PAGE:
Infectious diseases, in general, are on the rise. One of the explanations for the rise in infectious diseases is that global tourism and migration are on the rise and that spreads infectious disease into new populations (Ellner et al, 1993, p. 540). Some researchers state that over one million people cross an international border every day (Ellner et al, 1993, p. 543). That statistic makes it easy to see that the spread of disease can be related to global tourism. Also, scholars see a link between poverty and illness (Haas, 2000, p. 77). They state that illness causes poverty because when people become ill or disabled, their ability to earn a living declines and they fall to a lower social status. This can be an explanation of why tuberculosis effects minorities and lower social class. In 2000, minorities comprised only 28% of the U.S. population, but accounted for 79% of all TB cases (Haas, 2000, p. 121). The rate of TB per 100,000 is nineteen times greater in Asians/Pacific Islanders, almost eight times greater in non-Hispanic blacks, six times greater in Hispanics, and almost six times greater in American Indians/Alaskan Natives than for non-Hispanic whites (Haas, 2000, p. 83). The number of deaths classified as TB has decreased by 15 percent. In 2000, there were 776 deaths attributed to TB, a death rate of 0.3 per 100,000 people (Haas, 2000, p. 78).

Thus, the current tuberculosis epidemic reflect the increase in AIDS, homelessness, poverty, and substance abuse, persons lacking in health care and drug resistant strains of the disease (Haas, 2000, p. 93). With the increase in AIDS, homelessness, poverty, and substance abuse, the immune systems of Americans are weaker and people become more susceptible to disease, such as tuberculosis. Also, people without health insurance who have tuberculosis do not get the proper medical care and their body suffers even more because they are unable to provide care for themselves. Sometimes people are able to provide care for themselves, however, if the treatment can not be finished due to health insurance restrictions, then the bacteria is not killed and the tuberculosis remains in the person’s body. Therefore, medical centers should be committed to reaching those at highest risk for TB and identifying innovative strategies to improve testing and treatment among high-risk populations.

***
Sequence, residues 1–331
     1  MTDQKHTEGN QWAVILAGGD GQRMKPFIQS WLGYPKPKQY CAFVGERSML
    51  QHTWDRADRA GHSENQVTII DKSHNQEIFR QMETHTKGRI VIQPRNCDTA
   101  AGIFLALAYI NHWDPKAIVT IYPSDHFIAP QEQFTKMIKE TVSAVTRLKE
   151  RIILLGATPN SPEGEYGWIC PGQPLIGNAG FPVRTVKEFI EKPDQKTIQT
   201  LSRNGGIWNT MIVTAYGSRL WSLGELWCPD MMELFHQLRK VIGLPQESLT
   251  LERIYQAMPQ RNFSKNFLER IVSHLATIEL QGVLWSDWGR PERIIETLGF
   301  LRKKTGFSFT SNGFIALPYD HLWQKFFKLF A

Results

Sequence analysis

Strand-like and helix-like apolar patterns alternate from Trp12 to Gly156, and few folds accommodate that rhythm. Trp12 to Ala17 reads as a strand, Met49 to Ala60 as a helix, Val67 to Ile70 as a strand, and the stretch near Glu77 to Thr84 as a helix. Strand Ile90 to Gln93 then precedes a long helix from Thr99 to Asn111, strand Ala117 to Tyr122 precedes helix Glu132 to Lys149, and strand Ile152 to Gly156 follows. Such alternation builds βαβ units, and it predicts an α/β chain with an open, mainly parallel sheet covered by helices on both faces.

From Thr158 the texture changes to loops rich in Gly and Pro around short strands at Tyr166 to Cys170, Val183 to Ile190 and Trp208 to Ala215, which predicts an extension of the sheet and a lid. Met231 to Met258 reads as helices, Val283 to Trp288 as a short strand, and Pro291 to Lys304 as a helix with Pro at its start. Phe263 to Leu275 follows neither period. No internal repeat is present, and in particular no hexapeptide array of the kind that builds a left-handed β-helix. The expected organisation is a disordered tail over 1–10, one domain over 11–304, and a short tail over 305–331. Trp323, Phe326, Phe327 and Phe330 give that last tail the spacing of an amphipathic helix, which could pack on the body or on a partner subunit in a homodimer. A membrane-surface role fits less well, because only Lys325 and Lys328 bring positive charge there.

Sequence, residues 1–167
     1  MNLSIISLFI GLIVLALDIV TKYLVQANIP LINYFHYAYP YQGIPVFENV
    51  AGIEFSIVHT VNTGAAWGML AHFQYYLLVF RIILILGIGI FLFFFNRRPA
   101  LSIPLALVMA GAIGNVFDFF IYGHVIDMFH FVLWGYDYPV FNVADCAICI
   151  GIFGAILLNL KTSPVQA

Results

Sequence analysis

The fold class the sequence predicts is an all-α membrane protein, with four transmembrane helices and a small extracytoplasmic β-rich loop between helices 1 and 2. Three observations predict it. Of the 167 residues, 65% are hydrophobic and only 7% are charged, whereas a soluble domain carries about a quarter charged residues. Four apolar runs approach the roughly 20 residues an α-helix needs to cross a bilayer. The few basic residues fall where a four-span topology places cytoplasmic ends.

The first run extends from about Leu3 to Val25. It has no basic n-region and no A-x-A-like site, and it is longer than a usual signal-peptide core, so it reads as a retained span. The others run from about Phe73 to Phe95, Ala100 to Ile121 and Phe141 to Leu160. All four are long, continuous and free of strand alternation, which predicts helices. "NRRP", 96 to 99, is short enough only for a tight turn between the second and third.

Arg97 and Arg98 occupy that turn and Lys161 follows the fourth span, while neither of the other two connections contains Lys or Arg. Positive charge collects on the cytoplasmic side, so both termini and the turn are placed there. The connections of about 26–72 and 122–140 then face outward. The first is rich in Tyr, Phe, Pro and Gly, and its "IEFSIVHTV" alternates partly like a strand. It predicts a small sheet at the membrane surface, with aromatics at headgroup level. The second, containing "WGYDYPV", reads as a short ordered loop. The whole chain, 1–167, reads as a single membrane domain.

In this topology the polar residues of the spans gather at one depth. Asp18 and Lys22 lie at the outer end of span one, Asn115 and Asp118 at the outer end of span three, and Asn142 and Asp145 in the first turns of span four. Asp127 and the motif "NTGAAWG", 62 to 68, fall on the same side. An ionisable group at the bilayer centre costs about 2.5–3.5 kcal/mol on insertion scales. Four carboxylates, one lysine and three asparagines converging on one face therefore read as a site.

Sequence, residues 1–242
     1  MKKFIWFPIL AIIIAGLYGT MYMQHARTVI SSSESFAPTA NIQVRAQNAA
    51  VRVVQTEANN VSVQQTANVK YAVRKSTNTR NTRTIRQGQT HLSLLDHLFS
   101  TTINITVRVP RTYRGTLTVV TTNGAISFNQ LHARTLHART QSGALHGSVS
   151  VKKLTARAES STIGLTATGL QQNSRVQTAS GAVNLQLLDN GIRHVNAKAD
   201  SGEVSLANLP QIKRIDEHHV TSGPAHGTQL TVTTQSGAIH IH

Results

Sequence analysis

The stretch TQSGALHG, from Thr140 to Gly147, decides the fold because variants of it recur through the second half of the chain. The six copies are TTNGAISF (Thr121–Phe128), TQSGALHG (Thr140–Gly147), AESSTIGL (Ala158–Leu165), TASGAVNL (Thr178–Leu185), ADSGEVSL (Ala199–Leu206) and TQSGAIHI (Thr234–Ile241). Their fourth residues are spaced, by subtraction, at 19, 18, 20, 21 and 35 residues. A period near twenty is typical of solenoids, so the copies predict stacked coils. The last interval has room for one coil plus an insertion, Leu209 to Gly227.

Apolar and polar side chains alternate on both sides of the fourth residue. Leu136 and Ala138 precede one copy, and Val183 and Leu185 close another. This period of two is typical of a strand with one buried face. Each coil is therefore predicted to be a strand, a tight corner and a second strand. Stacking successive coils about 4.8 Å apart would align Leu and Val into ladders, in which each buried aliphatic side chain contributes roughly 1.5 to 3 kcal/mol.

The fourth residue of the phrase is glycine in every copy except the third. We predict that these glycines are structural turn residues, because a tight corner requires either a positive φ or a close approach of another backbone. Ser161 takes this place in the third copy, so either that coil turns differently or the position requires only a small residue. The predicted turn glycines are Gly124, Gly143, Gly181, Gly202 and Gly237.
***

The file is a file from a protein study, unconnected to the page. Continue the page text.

References

Brudney K, Dobkin J. (1992) Resurgent tuberculosis in New York City: Human immunodeficiency virus, homelessness and the decline of tuberculosis control programs. Am Rev Respir Dis 144: 745-749.

Dolin PJ, Ravaglione MC, Kochi A. (1994) Global tuberculosis incidence and mortality during 1990-2000. Bull World Health Org 172: 213-216.

Ellner JJ, Hinman Ar, Dooley SW, Fischl MA, Sepkowitz KA, Goldberger MJ. (1993) Tuberculosis–emerging problems and promise. J Infect Dis 168:537-551.

Haas DW. (2000) Mycobacterial diseases–Mycobacterium tuberculosis. In: Mandell GL, Douglas JE, Dolin R, eds. Principles and Practice of Infectious Diseases, Vol. 2. Philadelphia: Churchill Livingstone.

Kochi A. (1991) The global tuberculosis situation and the new control strategy of the World Health Organization. Tubercle 72:1-6.

Ravaglione MC, Snider DE, Kochi A. (1995) Global epidemiology of tuberculosis. Morbidity and mortality of a world wide epidemic. JAMA 273: 220-225.

Toossi Z, Ellner JJ. (1998) Tuberculosis and Leprosy. Philadelphia: WB Saunders.